For those not familiar with the background of Home Capital, it was our weakly Dog about a month ago on the podcast. For many years this company was a steady performer with consistent earnings and dividend growth for well over a decade. But this ended in when the share price peaked in the 2014 after some serious allegations of improper reporting came to the surface. This led to depositors withdrawing their money from Home Capital which is the life blood of a bank or mortgage company and forced the company to do a very expensive financing in order to survive.  It’s been the classic story of a value trap for anyone who has bought this company over the last 18 months.

The stock closed today at $14.25 almost tripling from its low of just over $5 in early May.

But the stock is still down 55% year to date and almost 75% from its peak in 2014.

What has happened recently are a couple of pieces of good news for the company. One is a potential settlement with regulators and the other actually isn’t news but rather speculation the company is close to setting up less expensive financing to fund the company longer-term.

So will the recovery continue? It’s impossible to say but I think that at its very best Home Capital is just a speculation right now. It’s not something that we would invest. In the banking industry, public perception really does become reality. People aren’t going to want to deposit their money into an institution that they don’t trust and without those deposits it’s difficult to see how the company can fund their business economically.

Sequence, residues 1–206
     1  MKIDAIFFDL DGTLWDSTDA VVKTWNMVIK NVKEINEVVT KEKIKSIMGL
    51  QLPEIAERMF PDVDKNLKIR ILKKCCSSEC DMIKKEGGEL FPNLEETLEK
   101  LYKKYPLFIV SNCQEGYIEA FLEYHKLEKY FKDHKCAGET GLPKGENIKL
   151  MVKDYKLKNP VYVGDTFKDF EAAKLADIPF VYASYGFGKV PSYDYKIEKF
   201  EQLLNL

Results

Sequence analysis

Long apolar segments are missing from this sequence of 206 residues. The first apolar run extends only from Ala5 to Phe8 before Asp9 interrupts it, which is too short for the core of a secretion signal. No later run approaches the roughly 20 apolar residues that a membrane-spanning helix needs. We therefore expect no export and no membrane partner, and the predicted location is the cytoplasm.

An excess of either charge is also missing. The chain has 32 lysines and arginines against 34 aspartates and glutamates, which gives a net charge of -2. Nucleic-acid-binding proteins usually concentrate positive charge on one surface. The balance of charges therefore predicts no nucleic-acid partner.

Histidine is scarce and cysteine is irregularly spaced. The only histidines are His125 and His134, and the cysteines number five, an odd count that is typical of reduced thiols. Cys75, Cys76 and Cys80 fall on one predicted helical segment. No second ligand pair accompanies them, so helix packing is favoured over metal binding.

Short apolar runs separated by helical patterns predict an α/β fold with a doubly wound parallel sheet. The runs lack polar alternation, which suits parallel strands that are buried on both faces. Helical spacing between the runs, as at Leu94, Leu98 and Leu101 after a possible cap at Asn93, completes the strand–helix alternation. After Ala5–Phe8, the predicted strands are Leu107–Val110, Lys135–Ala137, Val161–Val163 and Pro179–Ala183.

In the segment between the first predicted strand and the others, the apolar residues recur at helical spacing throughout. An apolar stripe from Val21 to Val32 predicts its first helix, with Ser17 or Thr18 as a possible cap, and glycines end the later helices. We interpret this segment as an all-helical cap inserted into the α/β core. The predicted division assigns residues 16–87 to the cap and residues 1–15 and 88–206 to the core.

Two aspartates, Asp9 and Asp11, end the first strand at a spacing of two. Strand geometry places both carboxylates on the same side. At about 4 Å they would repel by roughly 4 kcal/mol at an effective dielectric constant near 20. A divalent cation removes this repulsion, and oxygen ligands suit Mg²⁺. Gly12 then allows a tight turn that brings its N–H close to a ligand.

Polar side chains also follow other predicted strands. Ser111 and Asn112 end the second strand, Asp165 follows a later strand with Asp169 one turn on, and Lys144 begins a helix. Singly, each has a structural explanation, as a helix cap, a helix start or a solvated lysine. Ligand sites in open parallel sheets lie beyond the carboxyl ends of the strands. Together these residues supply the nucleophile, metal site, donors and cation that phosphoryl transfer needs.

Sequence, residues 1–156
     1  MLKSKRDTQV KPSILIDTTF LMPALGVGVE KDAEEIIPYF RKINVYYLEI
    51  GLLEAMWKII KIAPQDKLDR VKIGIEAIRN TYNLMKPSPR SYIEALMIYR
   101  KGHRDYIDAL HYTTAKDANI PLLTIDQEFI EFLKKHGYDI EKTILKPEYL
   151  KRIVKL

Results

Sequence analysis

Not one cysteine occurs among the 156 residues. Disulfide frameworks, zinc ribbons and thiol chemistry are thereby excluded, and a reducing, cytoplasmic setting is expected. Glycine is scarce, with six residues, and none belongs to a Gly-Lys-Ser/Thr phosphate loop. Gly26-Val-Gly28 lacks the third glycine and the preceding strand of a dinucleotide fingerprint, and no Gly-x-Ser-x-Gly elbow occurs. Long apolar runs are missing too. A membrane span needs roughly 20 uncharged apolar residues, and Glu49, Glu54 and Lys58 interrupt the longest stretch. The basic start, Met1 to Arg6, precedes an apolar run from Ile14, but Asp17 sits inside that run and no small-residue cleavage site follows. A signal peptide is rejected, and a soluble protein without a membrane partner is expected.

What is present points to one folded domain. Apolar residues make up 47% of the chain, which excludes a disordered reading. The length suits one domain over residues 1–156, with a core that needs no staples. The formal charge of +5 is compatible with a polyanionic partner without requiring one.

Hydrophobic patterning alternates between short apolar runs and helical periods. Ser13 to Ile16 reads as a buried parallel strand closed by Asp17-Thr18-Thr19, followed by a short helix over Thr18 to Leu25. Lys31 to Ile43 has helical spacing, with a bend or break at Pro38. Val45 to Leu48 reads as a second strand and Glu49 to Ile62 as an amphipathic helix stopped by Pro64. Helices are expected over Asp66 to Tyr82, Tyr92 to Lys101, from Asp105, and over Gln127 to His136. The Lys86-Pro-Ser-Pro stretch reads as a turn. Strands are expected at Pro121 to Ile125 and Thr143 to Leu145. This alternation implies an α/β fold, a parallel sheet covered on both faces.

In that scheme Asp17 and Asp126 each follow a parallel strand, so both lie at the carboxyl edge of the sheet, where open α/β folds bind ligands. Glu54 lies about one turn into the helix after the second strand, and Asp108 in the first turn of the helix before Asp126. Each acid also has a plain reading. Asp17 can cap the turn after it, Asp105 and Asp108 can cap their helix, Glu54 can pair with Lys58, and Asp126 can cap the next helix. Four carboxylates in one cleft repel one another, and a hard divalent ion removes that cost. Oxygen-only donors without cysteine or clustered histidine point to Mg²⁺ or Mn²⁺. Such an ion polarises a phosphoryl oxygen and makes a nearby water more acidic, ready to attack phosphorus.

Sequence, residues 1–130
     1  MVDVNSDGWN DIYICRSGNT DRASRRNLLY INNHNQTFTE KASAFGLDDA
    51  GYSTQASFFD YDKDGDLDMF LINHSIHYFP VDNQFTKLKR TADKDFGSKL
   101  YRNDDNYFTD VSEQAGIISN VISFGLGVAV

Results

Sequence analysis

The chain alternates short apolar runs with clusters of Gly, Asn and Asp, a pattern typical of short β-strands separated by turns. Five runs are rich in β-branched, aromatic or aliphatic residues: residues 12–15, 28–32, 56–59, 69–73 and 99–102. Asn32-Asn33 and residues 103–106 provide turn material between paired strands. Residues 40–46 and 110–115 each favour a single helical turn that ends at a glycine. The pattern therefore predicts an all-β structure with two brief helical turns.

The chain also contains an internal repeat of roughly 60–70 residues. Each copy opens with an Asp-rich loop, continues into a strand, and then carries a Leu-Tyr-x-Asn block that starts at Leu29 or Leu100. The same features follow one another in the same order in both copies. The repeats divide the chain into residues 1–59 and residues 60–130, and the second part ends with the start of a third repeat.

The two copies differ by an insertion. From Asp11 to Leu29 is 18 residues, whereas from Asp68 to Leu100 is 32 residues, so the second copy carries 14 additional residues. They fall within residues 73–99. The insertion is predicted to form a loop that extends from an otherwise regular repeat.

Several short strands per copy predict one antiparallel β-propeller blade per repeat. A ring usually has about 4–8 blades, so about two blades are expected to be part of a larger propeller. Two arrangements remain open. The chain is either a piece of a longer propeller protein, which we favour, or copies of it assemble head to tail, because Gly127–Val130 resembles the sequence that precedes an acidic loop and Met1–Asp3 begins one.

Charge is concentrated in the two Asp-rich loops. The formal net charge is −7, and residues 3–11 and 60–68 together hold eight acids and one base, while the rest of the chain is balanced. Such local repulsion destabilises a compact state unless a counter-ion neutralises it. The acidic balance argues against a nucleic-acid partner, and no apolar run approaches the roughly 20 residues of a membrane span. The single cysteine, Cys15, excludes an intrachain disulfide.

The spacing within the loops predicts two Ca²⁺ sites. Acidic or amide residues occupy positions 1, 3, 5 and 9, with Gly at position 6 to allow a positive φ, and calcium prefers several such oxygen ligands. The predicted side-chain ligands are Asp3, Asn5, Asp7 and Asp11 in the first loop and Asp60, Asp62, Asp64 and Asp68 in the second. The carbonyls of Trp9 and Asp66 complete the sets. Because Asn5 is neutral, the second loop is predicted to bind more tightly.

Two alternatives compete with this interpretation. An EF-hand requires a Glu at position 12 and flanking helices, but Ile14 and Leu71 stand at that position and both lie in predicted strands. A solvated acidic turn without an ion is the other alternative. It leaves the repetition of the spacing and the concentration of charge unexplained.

Ryan: Aaron, you referred to Home Capital as “the classic story of a value trap” for investors. Can you explain to listeners what this means.

A value trap is a situation where a company looks like it offers a lot of value on a price to earnings or price to book value basis, but in reality it is a broken business with a high risk of losing more investor capital. One thing that investors will do is look at the earnings and cash flow that a company has reported over the previous year and value the stock on that basis. Historical performance is definitely a good place to start but it is only meaningful if you have good reason to believe that the earnings levels and growth rates are sustainable into the future. If there is a strong likelihood that earnings levels will decline in the future then the historical data really becomes meaningless. In the case of Home Capital, I believe that they have reported about $3.7 in earnings per share over the previous 12 months which is a price-to-earnings ratio of less than 4 times. That would be a very attractive multiple if this were a healthy, growing business. But it isn’t and you can’t put any faith in that earnings number.